No, not the news that Asda are currently rebranding Pigs In Blankets as a Summer barbecue snack.
Nor is it news that Asda will be selling giant two feet long Pigs In Blankets for Christmas this year...
...which made us all collectively pause to drool a little. Nope, what got the nation buzzing was news that John Lewis has hit upon a genius idea by joining up with Quality Street and allowing you to compose your own 1.2kg tin of the iconic chocs.
Jaws hit the floor around the country. Why hadn’t anyone thought of this before? Sure, Quality Street have occasionally come out with little tubs of one variety of their sweets, but the idea of pick and mix, mix and match is brilliant. People responded to us on social media with details of what proportions they’d use – and there’d have to be some sort of proportion as the only caveat was you had to pick four varieties of sweet for each tin. So, if you wanted a tin of green triangles, you’d have to buy four tins – which some might say is a cloud with a silver lining.
As with these things, though, joy soon turned to rage as it became apparent that there are two different types of people: those who do not like the Blue Coconut Éclairs, and those of us who aren’t complete monsters. It’s amazing how varied our tastes are, and how strongly we feel about our preferences. For us here at the Christmas UK Cavern, we’d ditch the toffees immediately. Our tin would be 25% Green Triangles (classic – you know where you are with them), 25% Purple Ones (again, they never disappoint), 25% Caramel Tubs (gooey caramel – yum!), finished off with 25% Blue Coconut Éclairs (and if you don’t like them, we’ll have yours).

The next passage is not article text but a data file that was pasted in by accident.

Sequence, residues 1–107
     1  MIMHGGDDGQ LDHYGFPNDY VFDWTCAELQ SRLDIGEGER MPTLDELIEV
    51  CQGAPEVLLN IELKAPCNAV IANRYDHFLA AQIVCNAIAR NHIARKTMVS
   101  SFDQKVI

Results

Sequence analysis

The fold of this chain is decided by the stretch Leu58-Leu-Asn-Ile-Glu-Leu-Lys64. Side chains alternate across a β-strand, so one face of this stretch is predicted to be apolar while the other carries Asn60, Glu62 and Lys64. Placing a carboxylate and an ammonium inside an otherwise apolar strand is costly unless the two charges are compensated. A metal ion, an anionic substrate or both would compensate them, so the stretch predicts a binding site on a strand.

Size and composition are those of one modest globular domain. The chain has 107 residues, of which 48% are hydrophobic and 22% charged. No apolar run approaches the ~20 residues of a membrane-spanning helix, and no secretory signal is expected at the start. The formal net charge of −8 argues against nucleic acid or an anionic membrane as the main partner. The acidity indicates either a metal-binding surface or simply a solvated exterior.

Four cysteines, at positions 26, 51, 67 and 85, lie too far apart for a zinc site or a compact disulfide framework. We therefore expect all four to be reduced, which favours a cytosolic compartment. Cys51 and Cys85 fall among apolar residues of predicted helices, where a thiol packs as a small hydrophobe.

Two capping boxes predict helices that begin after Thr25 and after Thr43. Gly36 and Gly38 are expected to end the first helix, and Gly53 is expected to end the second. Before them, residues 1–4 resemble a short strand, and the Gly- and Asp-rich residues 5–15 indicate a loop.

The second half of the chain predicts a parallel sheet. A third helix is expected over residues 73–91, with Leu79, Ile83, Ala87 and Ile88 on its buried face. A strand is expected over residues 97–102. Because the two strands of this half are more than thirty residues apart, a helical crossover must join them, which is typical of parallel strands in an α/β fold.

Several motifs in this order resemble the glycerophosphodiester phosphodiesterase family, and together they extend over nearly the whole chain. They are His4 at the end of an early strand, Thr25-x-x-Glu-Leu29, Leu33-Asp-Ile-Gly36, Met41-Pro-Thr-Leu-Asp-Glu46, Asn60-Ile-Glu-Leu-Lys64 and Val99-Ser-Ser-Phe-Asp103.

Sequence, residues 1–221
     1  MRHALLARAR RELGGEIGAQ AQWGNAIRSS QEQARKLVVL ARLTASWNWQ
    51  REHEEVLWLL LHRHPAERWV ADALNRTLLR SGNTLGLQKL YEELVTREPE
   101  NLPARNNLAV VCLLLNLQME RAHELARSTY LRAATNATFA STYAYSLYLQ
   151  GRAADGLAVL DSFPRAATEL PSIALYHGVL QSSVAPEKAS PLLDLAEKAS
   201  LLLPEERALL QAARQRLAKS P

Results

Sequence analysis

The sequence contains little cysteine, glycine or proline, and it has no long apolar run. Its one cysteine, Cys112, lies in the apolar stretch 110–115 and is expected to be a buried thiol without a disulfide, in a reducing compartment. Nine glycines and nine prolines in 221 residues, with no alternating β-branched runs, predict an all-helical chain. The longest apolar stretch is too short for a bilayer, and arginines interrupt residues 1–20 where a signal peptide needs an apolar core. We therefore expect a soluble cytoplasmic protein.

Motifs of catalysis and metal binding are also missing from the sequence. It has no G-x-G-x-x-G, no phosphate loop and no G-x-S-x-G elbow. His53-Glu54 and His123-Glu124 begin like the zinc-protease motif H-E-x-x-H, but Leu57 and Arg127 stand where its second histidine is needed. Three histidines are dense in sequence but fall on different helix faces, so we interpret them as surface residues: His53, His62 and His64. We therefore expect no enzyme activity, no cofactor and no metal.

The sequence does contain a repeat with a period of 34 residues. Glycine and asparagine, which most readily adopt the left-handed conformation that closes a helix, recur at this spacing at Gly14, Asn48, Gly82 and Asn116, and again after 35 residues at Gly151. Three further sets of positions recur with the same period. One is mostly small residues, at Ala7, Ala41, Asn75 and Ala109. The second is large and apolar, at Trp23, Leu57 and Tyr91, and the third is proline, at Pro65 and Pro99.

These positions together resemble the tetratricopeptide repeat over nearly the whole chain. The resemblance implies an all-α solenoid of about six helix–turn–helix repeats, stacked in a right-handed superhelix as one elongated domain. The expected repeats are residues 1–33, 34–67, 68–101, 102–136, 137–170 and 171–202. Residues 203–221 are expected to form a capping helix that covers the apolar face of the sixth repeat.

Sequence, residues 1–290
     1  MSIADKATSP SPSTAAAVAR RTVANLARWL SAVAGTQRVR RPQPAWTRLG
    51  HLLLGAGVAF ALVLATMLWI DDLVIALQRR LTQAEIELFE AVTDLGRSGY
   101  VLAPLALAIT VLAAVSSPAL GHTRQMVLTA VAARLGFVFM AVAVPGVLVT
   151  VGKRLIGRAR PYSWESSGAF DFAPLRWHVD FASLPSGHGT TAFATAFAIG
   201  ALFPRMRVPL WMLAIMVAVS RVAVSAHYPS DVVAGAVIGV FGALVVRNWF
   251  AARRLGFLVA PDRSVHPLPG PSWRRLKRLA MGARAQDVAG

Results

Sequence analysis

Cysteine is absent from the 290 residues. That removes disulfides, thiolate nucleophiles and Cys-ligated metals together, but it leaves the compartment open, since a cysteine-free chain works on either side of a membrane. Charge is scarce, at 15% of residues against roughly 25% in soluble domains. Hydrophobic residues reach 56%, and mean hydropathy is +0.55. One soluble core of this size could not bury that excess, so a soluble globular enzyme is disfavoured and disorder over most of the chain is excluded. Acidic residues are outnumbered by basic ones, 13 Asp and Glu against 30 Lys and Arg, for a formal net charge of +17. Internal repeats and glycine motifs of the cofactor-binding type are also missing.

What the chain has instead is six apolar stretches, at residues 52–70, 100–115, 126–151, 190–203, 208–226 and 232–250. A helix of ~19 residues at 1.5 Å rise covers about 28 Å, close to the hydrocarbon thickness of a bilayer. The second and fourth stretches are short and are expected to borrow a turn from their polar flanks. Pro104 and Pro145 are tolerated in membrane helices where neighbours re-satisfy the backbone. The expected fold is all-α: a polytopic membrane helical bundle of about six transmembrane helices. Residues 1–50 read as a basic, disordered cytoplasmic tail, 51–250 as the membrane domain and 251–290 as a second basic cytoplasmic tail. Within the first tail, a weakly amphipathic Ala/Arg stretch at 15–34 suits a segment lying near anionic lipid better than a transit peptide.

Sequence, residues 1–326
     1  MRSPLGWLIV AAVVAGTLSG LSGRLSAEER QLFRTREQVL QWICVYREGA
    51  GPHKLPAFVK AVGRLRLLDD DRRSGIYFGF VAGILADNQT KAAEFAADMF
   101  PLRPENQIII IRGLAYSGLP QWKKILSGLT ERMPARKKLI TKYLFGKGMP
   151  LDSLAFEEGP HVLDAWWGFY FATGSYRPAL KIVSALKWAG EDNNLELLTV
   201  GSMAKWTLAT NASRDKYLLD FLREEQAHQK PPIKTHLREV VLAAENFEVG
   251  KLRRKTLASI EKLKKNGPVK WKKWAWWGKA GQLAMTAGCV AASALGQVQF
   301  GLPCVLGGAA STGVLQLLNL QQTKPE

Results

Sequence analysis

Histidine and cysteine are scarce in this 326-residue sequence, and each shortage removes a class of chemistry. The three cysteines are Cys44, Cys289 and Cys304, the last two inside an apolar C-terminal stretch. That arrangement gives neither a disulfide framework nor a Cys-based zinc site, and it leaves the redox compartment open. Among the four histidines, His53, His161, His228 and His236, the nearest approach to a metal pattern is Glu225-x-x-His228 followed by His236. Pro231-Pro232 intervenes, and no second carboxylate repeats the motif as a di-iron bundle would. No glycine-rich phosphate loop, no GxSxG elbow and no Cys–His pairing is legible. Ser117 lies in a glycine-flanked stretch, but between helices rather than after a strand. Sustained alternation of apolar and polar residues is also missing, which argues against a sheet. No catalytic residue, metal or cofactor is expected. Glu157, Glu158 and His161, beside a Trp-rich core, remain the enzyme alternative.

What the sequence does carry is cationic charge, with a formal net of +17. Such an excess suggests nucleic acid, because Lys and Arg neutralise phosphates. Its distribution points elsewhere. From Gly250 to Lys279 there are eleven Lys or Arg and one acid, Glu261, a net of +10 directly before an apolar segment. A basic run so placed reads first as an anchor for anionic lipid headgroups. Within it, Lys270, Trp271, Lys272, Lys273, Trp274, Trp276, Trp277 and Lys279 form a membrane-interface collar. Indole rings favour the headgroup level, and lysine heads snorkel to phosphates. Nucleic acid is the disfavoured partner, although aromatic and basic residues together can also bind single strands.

A 1.2kg tin will set you back twelve pounds, and they’ll only be on sale in selected John Lewis branches from late-September – chances are you’ll already know if your local branch is a biggie.
Movies 24 is doing its Christmas In July thing again, and it’s no doubt filled with American TV movies you have never heard of. A lot of them are awful. A. Lot. But there are some gems in between the morality plays and the umpteen twists on Scrooge, and we try and flag them up in our own Good Film Alerts. You’ve probably seen Snow doing the rounds, and here’s why we think it’s well worth a watch.
First up, the standard caveat. The bar is kinda low where it comes to TV movies. You could pop out to the loo for twenty minutes in the middle of one, come back and still be able to follow the plot. What you’re doing in the bathroom for twenty minutes is your own business. But we’re looking for feelgood fare which keeps our interest, and Snow scores highly in that regard.
Made in 2004, this stars Ashley Williams just as she breaks out onto the global stage after her initial stint on How I Met Your Mother, together with a pre-Flash Tom Cavanagh. Williams plays Sandy, a Californian zoo keeper, and her duties just happen to include looking after a herd of reindeer at Christmas. Cavanagh plays Nick, the latest generation in a long-running dynasty who are based in the North Pole. Nick has a problem – one of his reindeer is missing, and just happens to be roughing it in an enclosure in Sandy’s zoo.